Probably far from perfect and not as secure as a password of more that 6 characters using caps, numbers and symbols, but a hell of a lot easier to use and secure enough to stop casual 'attacks' in most cases.

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If Microsoft chooses not to be open about this new security method then they are basically depending on Security through Obscurity.

Ask the NSA how well that worked out for them.

Why is this necessary when facial recognition and other biometrics are becoming so commonplace?

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@Tempest8008: "If Microsoft chooses not to be open about this new security method then they are basically depending on Security through Obscurity."

Um, they are being entirely open about it. How it's actually stored within Windows is irrelevant, by the time someone is in a position to read that data, they're already the other side of the airtight hatchway....

"Why is this necessary when facial recognition and other biometrics are becoming so commonplace?"

Because even a weak picture password is less laughably insecure than every implementation of facial recognition seen so far? Because most devices don't have fingerprint readers yet, despite them being around for years? Take your pick.

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Childcatcher

The Other Other Side

@Tempest8008: "If Microsoft chooses not to be open about this new security method then they are basically depending on Security through Obscurity."

Um, they are being entirely open about it. How it's actually stored within Windows is irrelevant, by the time someone is in a position to read that data, they're already the other side of the airtight hatchway...

Not so fast! being on a machine or network does not give you automatic rights to all other users' passwords, which is basically what is being implied by this. Sure, this is for touch devices, but with the whole BYOD craze going on, it is conceivable that a person other than the owner might have access to the file system. Add to that the possibility of a malicious app that can access the file system and I would say that where and how this password information is stored becomes very important. Is it stored differently than if a PIN is used? People re-use those, just like they do passwords, so that information might turn out to be valuable.

Security should not be monolithic. It should be layered, creating compartments for different parts of the system. Airtight hatchway, indeed!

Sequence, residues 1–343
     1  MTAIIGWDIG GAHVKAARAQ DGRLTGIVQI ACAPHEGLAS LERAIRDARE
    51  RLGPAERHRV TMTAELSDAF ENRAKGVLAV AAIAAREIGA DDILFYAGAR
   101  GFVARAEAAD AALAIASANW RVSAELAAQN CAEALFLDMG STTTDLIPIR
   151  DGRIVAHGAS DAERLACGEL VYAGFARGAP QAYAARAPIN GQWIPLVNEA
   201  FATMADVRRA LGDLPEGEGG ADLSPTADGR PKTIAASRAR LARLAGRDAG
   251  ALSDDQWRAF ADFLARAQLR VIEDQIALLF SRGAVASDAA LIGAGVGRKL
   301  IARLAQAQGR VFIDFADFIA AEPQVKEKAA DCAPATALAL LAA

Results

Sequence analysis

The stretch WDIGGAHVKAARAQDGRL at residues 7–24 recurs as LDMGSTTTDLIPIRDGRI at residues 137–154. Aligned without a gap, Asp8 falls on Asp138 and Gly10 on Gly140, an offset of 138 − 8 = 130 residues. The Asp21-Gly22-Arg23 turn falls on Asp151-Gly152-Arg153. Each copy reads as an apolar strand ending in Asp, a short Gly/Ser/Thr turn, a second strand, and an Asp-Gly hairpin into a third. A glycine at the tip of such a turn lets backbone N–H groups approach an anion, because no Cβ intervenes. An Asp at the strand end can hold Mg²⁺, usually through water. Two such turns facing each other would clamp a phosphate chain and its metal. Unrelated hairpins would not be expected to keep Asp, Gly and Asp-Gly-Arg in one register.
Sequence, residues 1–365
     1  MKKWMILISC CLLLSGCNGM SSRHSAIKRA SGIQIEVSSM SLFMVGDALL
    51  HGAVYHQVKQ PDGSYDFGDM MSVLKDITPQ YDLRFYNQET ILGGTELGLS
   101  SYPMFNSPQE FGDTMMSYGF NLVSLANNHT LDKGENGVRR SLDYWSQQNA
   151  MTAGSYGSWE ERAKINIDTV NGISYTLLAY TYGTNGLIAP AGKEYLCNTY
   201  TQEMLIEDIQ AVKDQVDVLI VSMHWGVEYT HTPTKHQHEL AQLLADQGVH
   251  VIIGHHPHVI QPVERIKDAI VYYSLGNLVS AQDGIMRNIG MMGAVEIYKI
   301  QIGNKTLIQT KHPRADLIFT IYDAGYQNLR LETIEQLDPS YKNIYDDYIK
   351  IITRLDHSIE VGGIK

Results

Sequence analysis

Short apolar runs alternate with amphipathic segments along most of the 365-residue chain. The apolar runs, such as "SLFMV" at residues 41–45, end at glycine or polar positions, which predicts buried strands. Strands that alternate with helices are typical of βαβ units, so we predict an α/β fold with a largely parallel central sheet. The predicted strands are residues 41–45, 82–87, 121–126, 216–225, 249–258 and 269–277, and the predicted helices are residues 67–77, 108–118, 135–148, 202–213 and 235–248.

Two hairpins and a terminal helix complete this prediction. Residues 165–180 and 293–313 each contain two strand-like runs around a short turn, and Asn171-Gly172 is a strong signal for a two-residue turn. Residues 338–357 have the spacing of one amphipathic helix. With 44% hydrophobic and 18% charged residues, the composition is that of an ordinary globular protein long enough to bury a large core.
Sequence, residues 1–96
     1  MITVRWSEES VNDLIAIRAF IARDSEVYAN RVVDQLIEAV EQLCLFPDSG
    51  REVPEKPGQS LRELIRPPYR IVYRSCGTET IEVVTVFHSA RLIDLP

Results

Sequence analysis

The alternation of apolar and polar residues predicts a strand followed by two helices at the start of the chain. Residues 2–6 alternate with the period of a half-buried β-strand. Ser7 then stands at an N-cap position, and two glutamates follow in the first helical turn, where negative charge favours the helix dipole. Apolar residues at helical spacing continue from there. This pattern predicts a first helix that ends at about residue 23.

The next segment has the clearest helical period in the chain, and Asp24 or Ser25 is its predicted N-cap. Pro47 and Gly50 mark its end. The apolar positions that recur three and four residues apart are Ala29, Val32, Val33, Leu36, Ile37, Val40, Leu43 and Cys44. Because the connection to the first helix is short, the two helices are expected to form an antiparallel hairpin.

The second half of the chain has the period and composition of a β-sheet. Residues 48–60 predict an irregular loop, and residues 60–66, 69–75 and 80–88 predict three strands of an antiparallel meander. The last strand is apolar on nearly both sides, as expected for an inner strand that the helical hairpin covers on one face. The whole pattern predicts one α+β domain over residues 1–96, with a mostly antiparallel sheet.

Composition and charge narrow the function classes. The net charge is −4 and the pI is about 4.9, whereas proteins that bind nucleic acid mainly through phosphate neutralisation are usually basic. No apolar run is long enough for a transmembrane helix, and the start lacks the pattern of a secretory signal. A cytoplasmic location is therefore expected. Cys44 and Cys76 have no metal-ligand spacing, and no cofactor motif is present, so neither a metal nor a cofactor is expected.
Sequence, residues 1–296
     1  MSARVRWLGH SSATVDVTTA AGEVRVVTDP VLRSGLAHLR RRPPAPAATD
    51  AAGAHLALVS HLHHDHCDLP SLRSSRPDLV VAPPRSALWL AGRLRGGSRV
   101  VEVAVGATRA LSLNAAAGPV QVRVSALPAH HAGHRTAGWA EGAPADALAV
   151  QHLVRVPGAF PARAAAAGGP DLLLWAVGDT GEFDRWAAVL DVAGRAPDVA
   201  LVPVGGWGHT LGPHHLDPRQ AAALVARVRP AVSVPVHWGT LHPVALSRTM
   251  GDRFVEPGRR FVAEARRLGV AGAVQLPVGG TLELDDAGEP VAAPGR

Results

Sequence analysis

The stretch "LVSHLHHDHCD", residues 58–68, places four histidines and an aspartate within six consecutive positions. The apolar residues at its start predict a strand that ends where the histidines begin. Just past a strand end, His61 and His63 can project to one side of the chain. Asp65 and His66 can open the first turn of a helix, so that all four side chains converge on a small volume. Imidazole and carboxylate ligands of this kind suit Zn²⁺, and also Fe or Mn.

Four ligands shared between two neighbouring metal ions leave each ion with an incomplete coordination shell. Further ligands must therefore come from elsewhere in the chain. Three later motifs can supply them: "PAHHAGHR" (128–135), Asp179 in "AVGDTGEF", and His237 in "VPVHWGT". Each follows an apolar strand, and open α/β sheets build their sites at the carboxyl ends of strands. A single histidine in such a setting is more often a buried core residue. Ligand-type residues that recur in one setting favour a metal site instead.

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Anonymous Coward

Apple will probably (finally) push proper security forward with fingerprints - shame no-one really managed it before. Most passwords are woefully insecure if used at all.

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Anonymous Coward

" shame no-one really managed it before"

Do all those Dell laptops with fingerprint readers not count?

Or the Alienware mobile (they're too heavy for a lap) computers with facial recognition?

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I had an HP laptop with built in fingerprint scanner some 10 years or so ago. Worked great for logging in to Windows, email, etc.

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Facepalm

stored in the registry

Yes, but if you had access to the unlocked machine, pulling the password out of the registry took 2 seconds.

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Anonymous Coward

Re: stored in the registry

"if you had access to the unlocked machine"

- you wouldn't need the password anyway.

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"Apple will probably (finally) push proper security forward with fingerprints"

LOL, I think that use of that (at least ten years old) system will be short lived in mobile phone devices. I'm betting it won't be too long before an iPhone theft involves the use of a meat cleaver:

http://news.bbc.co.uk/1/hi/world/asia-pacific/4396831.stm

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Nowhere near as bad as ....

.... Barclays business banking which switched from alphanumeric to numeric only.

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Seems to me there are two types of thief who steal laptops, phones etc.

The first is an opportunist thief, who will steal whatever they can, to sell down the pub for a few quid for their next fix.

The second is the steal-to-order specialist, who is after laptops belonging to government officials, CEO's of multinationals etc.

The first type would be confounded by using password as a password, and the second has absolutely no interest in your photos of your aunty Edna's sixtieth birthday bash at the Dog and Duck.

Basic security is fine for the average person, just enough to stop other average people from accessing their emails, making phone calls etc. If you make the security too complicated, it will just not get used at all.